Is Craig Wright Satoshi Nakamoto?

By Michael Brown

Today an Australian businessman named Craig Wright claimed on his personal website to publish cryptographic proof that he is Satoshi Nakamoto, the creator of Bitcoin and the blockchain algorithm that underpins it. I have reviewed his post. Has he proven it? He most certainly did not

It was an extremely simple thing for him to prove (if what he says is true).  In fact, what has he proven? In my opinion, what he has offered, is something which clearly demonstrates a carefully laid subterfuge with just enough of a figleaf to fool and/or confuse the mainstream.  In truth, it is nothing more than a parlour trick, using the old bate and switch technique. 

But perhaps the most worrying is that it seems that this report also involves one of bitcoins original developers, Gavin Andresen.  He posts on his blog that in a hotel in London, he saw Craig digitally sign a message using one of the original private/public key pairs. Something that would strongly point to Craig being Nakamoto. However, Andresen wasn’t able to use a laptop or any computational tools to verify the message and walked away with nothing on paper. Instead, he was hands off, able only to watch as someone else did the work.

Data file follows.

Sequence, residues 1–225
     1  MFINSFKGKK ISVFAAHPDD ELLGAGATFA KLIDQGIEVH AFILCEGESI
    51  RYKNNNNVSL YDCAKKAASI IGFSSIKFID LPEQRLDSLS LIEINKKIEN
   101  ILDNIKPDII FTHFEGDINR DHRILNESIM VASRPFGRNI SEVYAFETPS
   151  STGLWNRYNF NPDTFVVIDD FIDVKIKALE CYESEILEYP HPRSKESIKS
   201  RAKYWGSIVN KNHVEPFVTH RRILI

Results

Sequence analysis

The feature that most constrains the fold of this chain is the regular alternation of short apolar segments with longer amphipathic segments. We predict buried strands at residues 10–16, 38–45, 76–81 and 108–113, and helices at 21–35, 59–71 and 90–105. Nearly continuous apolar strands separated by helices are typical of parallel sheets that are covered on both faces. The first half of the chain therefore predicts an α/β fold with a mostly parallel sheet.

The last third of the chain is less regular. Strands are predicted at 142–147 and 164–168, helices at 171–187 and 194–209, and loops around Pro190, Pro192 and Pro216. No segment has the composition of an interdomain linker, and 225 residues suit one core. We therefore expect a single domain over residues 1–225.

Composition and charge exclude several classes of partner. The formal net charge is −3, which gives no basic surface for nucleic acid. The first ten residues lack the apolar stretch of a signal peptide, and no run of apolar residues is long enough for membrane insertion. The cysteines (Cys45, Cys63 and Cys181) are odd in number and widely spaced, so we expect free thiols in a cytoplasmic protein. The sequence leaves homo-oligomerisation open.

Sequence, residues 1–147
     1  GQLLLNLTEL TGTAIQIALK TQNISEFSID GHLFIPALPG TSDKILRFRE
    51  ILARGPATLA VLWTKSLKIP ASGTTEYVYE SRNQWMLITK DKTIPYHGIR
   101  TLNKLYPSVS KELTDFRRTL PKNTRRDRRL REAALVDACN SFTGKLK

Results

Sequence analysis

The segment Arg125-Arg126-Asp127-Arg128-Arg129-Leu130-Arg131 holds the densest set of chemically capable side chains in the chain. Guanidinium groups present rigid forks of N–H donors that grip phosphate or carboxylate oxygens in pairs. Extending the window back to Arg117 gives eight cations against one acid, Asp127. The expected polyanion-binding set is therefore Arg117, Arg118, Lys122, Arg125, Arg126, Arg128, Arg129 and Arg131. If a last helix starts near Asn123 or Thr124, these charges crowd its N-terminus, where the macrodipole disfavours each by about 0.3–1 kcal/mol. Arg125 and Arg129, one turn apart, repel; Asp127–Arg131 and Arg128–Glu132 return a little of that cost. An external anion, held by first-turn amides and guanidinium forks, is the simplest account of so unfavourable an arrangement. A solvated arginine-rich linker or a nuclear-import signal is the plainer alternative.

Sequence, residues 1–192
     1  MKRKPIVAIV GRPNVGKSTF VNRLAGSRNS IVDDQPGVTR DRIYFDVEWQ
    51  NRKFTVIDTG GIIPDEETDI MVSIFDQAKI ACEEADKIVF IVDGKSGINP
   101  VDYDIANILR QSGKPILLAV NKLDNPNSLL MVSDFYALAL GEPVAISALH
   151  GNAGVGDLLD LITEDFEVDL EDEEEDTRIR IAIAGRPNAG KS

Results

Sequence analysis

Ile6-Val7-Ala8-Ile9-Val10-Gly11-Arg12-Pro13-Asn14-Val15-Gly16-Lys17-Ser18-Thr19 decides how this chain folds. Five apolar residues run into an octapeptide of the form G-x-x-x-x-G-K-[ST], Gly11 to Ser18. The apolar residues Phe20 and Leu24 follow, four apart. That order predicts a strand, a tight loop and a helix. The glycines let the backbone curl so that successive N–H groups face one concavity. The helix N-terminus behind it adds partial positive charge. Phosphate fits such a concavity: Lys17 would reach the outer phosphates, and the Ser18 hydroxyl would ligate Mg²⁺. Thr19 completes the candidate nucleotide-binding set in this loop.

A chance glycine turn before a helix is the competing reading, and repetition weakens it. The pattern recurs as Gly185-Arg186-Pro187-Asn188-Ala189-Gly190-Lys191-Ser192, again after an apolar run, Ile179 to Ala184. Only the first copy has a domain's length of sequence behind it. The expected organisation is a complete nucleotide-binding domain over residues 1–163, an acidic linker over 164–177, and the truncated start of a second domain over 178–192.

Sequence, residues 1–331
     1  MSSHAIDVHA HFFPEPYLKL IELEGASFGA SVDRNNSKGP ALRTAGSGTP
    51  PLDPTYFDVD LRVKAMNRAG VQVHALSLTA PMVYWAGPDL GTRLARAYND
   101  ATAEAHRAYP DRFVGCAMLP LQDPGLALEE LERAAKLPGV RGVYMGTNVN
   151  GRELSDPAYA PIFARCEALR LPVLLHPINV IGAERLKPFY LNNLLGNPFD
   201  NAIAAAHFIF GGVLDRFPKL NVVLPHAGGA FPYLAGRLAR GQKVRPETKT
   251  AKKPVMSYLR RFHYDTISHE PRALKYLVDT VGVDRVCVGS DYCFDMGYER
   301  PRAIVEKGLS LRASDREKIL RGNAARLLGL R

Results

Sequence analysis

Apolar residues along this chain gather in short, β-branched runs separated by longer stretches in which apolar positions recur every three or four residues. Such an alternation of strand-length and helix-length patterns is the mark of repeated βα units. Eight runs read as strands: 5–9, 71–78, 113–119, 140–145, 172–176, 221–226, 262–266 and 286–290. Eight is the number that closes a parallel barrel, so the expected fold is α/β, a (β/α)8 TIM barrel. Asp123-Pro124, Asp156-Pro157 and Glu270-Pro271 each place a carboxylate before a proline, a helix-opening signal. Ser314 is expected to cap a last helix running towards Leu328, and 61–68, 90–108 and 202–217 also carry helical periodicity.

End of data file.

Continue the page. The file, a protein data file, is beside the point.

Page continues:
Dramatically and in a move reminiscent of Paul Newman in The Hustler, an emergency trip to the computer store to buy a fresh laptop to verify the signature was agreed by Andresen.  It is a complete nonsense. It is David Copperfield; sit in your seat and don’t get up! As a scientist, I just can’t put stock in any of this.  I would have hoped that someone like Mr Andresen wouldn’t have either.  Access to such a test on your own laptop is as fundamental to discovering the truth as the checking Bernie Madoff clearinghouse account at DTC (Wall Street’s Clearinghouse); read Bernie saying if only they check with DTC in a jailhouse interview here.

Hey, it is not like bitcoin aims to be a secure crypto-currency worth billions of dollars. Its real inventor should have been able to quickly cobble together some actual proof as strong as the underlying currency itself in a matter of minutes. Instead we have flimflam, nothing more than “voodoo”. As for Andresen, at best, one might have hoped for a little more scepticism from the leading developer of bitcoin.  Anything short of cryptographic proof is a waste of words.